“Automate your cash flow!”
“Make money while you sleep!”
“Build your financial future—effortlessly!”
We’ve all heard those over-enthusiastic voices announce the “opportunity of a lifetime” in those midnight infomercials intended to draw in people who are looking to maximize their income potential. It’s like the Holy Grail of financial goals.
Unfortunately, it’s not as easy as it sounds in the commercials. Making passive income can take some initial strategizing and elbow grease, but it is actually possible to earn this income by building a portfolio of rental properties. Let me share how I built my independently owned and operated real estate investing business to create passive revenue streams.
Making Passive Income by Investing in Real Estate
First, let’s talk about the difference between active income and passive income. Active income is money that you earn by working. Passive income, however, is not so straightforward. Colloquially, you may hear people talking about passive income as “free money” or revenue received with little or no effort.
Yet, in order to truly produce passive cash flow, you first have to create something of value. The initial value has to come from somewhere—whether that is a product you create (think of Stephen King’s book royalties!) or initial financial input from a startup source, like a loan. Then, you can earn passive income by maximizing that initial investment to create added value.
You can create passive income by building a portfolio of rental properties. Here’s a step-by-step guide to how my real estate investing business model has worked for me.
- Define your strategy. On one hand, you can target income-producing properties with a high cash flow, like multi-family units, to produce passive income for the short-term. On the other hand, you could take the long view and bank on the property’s valuations rising (as real estate generally does over long time horizons). If you choose the latter, you will want to pay off any loans or liens as quickly as possible in order to start realizing the added value. I have been developing my rental portfolio for years now, so I have a mix of both strategies going on simultaneously for diversification purposes.
- Get financing. Some investors leverage the equity they have gained with their personal home by getting a home equity line of credit, or HELOC, loan. However, the amount that they are allowed to borrow is limited by the difference between the amount still owed (if any) and the appraised value of their home. Others turn to a 203k loan, which is FHA-backed financing that is especially useful for buying distressed homes that need significant repair to achieve full market value. I started investing with this type of financing, but when I became a HomeVestors® franchisee, the preferred vendors gave me access to other financing for qualifying properties.
- Generate leads. This is the hard part for most, especially real estate investors just starting out. Some spend countless hours implementing direct mail campaigns, developing an investor credibility kit, or even outright knocking door-to-door in target neighborhoods. I found those tactics delivered a low yield of investment opportunities for the input required. Nowadays, the nationally-known and trusted “We Buy Ugly Houses®” marketing campaign brings the leads straight to me.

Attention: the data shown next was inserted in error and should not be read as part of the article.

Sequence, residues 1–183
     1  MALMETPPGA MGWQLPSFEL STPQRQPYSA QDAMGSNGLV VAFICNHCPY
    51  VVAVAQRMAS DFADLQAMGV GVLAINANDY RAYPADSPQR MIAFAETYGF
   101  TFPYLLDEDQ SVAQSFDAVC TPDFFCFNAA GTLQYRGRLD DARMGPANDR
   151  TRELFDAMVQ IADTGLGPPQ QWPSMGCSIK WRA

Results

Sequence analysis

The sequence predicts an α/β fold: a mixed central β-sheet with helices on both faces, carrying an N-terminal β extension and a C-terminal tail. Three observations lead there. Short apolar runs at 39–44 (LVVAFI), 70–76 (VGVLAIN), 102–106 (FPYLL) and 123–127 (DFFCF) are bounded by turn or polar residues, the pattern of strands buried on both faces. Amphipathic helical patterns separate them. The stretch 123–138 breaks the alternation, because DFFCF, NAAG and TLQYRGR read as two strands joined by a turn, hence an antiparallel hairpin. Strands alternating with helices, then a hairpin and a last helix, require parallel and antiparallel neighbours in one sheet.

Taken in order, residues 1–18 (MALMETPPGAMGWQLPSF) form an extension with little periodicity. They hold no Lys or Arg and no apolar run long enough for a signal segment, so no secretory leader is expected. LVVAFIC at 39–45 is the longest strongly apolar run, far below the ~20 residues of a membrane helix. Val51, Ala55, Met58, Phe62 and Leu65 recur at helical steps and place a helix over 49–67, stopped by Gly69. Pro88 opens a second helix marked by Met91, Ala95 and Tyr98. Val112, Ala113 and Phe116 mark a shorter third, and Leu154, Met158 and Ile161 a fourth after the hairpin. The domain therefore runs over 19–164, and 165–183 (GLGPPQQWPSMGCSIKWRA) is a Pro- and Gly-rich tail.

- Estimate your ROI. To get the best return-on-investment, you’ll, of course, need to be able to “buy low, sell high.” But, more than that, you’ll have to determine a pretty accurate estimate of the other costs that are involved, such as any repairs that are needed. There are still those investors out there who use old-fashioned pen and paper, but most use some kind of Excel-based software.
- Negotiate good deals. Of course, you don’t want to pay more than you have to for an investment property, but you still need to be sensitive to the perspective of the home seller— especially when approaching distressed homeowners facing foreclosure. Communication is key to negotiating a deal that feels good to both parties.
- Hire a property manager. If you want the rental income to be strictly passive, a good property manager is essential. The cost will pinch your profit margin a little, but then you won’t have to spend your time fixing faucets and advertising vacancies. If you’ve done your calculations correctly from the start, the property should deliver monthly income even when you hire a property manager.
Once you have your property rented out, you can generally maximize your revenue by taking advantage of the numerous tax deductions for real estate investment property. You should discuss these options available to you with your financial advisor.
Expanding a Solid Rental Portfolio
Following the same steps as above over and over can help you grow your rental portfolio and increase your future passive income potential. While some investment properties provide a frontloaded payoff, others will grow in value over time. With a full portfolio of rentals, I am now positioned to retire well with a respectable monthly revenue stream. Sure, it took some thinking and time to get the whole rental portfolio in place, but now the income it generates is completely passive. If you are interested in expanding your rental portfolio sooner than later, get in touch with HomeVestors to find out more about the tools and resources available.
Each franchise office is independently owned and operated.